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When the air is too dry spot fires (small fires that spring up next to the controlled fire) can happen. 

The ideal relative humidity for an area is between 25 and 50 percent, but these can sometimes go as low as 20 percent or as high as 80 percent. When the relative humidity is lower than around 20 percent, it can be a bit dangerous because fires are more intense due to the dryness.
Image of a tree burning as a result of a spot fire.

When the relative humidity is over 50 percent, fires may not be able to burn the area completely or may not get to a high enough temperature to achieve the desired result because of the moisture in the air.

These are some factors in relative humidity's behavior: 

1.A rise in temperature form sunrise to mid-afternoon can reduce relative humidity by a half.

2.An 11 degree temperature drop from mid-afternoon to mid-evening can cause relative humidity to double.

3.When a cold front moves through an area, there is usually a temperature drop and a drop in the relative humidity. The lower humidity occurs because of the movement of a warm moist air mass to a cooler drier air mass. 

Relative humidity is a factor of prescribed burns that is dependant on all of the other factors. This is why it is not a good idea to try and predict fire behavior of a burn solely on relative humidity. Burns can be done at any level, but the recommended level promises better burns. Temperature also plays a big part in how well a prescribed burn goes.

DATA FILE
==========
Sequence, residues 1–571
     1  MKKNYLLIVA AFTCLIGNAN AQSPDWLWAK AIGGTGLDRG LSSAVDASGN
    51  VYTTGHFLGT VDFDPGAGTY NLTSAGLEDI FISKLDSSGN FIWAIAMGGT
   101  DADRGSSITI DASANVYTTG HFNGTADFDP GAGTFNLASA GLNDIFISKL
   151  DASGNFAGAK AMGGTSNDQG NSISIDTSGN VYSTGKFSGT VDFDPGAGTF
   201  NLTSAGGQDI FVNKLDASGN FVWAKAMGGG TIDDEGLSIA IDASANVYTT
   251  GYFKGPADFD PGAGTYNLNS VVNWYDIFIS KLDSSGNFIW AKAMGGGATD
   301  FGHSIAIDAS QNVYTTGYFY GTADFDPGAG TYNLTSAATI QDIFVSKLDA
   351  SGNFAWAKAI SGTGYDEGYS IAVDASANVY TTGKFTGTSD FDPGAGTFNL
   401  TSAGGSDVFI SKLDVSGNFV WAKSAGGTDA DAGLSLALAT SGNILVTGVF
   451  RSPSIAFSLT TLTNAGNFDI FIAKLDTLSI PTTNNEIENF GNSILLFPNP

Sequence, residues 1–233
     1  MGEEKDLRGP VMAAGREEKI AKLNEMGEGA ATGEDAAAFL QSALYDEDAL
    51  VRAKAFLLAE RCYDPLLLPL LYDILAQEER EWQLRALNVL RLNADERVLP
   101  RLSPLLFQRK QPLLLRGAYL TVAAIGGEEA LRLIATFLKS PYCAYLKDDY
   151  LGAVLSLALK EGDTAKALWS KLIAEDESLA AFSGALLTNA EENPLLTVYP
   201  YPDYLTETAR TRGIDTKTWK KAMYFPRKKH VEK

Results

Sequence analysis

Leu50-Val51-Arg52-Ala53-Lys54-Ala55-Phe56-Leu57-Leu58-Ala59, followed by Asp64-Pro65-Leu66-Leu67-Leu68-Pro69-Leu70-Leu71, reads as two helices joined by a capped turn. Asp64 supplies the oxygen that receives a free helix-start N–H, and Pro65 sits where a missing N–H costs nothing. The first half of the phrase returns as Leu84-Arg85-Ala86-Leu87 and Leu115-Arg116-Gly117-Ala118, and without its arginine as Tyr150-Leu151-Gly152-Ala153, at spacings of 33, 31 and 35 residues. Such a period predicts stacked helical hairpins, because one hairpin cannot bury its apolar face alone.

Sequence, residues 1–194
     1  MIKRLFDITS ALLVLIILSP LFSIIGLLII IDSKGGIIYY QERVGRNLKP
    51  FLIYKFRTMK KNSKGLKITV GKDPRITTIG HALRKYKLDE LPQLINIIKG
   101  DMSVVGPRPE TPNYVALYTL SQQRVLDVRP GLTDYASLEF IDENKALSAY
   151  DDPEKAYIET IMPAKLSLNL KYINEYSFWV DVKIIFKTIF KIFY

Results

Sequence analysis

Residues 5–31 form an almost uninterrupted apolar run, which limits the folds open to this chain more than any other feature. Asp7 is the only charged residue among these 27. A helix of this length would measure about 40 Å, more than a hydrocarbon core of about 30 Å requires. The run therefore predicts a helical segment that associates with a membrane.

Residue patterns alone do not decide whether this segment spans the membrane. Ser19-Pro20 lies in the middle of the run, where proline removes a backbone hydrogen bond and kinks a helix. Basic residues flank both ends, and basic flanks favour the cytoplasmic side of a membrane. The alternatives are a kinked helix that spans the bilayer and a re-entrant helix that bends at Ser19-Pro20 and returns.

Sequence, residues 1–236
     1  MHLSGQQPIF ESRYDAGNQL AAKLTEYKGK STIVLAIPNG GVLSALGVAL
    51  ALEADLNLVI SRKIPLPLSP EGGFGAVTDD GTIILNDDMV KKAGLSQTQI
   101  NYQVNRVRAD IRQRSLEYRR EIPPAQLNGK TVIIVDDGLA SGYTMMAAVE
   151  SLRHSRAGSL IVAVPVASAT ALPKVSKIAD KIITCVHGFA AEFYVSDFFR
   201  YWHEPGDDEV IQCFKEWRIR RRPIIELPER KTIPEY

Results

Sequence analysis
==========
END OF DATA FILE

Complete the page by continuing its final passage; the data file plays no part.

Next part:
Image of a fire that has gotten out of hand.

The temperature of an area can come into play when conducting burns. In general, the hotter the fire, the (higher intensity) the greater the risk of losing control of it. 

When there is a need for all of the fuel or ground litter--shrubs, trees, etc--to be burned, temperatures of at least 68 degrees Fahrenheit are recommended. When temperatures are rising during early morning hours, this also creates conditions for unpredictable burning. 

Air temperatures between 70 and 90 degrees Fahrenheit are ideal when you desire complete burns in the area. 

Signs of the fire getting serious are: 

1.Flame lengths reach above 1.2 meters or over 4 feet 

2.Spot or random fires occur ahead of main fire front. 

3.Large areas of smoldering fires. 

4.Increase in wind or change in wind direction 

5.Thick, massive smoke clouds close to the ground for long periods of time.

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